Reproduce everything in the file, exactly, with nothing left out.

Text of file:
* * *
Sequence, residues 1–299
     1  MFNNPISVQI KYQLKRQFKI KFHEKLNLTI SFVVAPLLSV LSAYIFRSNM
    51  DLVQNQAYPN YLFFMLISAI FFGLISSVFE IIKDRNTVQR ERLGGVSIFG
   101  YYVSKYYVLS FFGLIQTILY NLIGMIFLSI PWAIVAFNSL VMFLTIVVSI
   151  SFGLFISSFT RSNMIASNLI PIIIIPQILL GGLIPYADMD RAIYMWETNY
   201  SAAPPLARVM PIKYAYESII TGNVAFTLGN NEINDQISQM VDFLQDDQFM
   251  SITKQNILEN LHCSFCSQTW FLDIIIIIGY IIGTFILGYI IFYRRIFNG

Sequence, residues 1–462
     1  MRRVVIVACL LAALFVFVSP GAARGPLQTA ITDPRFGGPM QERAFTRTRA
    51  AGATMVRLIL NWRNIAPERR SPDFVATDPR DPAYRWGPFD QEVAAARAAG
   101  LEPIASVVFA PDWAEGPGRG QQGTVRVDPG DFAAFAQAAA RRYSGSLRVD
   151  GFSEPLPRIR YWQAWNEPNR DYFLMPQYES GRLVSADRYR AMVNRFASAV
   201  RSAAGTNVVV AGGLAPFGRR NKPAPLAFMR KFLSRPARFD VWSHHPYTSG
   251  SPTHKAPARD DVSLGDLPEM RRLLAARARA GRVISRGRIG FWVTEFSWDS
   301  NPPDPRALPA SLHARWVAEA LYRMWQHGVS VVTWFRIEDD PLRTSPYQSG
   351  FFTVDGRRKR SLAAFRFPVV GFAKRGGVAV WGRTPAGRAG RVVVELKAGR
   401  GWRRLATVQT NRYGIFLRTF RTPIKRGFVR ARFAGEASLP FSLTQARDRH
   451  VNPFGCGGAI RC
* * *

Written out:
Sequence, residues 1–299
     1  MFNNPISVQI KYQLKRQFKI KFHEKLNLTI SFVVAPLLSV LSAYIFRSNM
    51  DLVQNQAYPN YLFFMLISAI FFGLISSVFE IIKDRNTVQR ERLGGVSIFG
   101  YYVSKYYVLS FFGLIQTILY NLIGMIFLSI PWAIVAFNSL VMFLTIVVSI
   151  SFGLFISSFT RSNMIASNLI PIIIIPQILL GGLIPYADMD RAIYMWETNY
   201  SAAPPLARVM PIKYAYESII TGNVAFTLGN NEINDQISQM VDFLQDDQFM
   251  SITKQNILEN LHCSFCSQTW FLDIIIIIGY IIGTFILGYI IFYRRIFNG

Sequence, residues 1–462
     1  MRRVVIVACL LAALFVFVSP GAARGPLQTA ITDPRFGGPM QERAFTRTRA
    51  AGATMVRLIL NWRNIAPERR SPDFVATDPR DPAYRWGPFD QEVAAARAAG
   101  LEPIASVVFA PDWAEGPGRG QQGTVRVDPG DFAAFAQAAA RRYSGSLRVD
   151  GFSEPLPRIR YWQAWNEPNR DYFLMPQYES GRLVSADRYR AMVNRFASAV
   201  RSAAGTNVVV AGGLAPFGRR NKPAPLAFMR KFLSRPARFD VWSHHPYTSG
   251  SPTHKAPARD DVSLGDLPEM RRLLAARARA GRVISRGRIG FWVTEFSWDS
   301  NPPDPRALPA SLHARWVAEA LYRMWQHGVS VVTWFRIEDD PLRTSPYQSG
   351  FFTVDGRRKR SLAAFRFPVV GFAKRGGVAV WGRTPAGRAG RVVVELKAGR
   401  GWRRLATVQT NRYGIFLRTF RTPIKRGFVR ARFAGEASLP FSLTQARDRH
   451  VNPFGCGGAI RC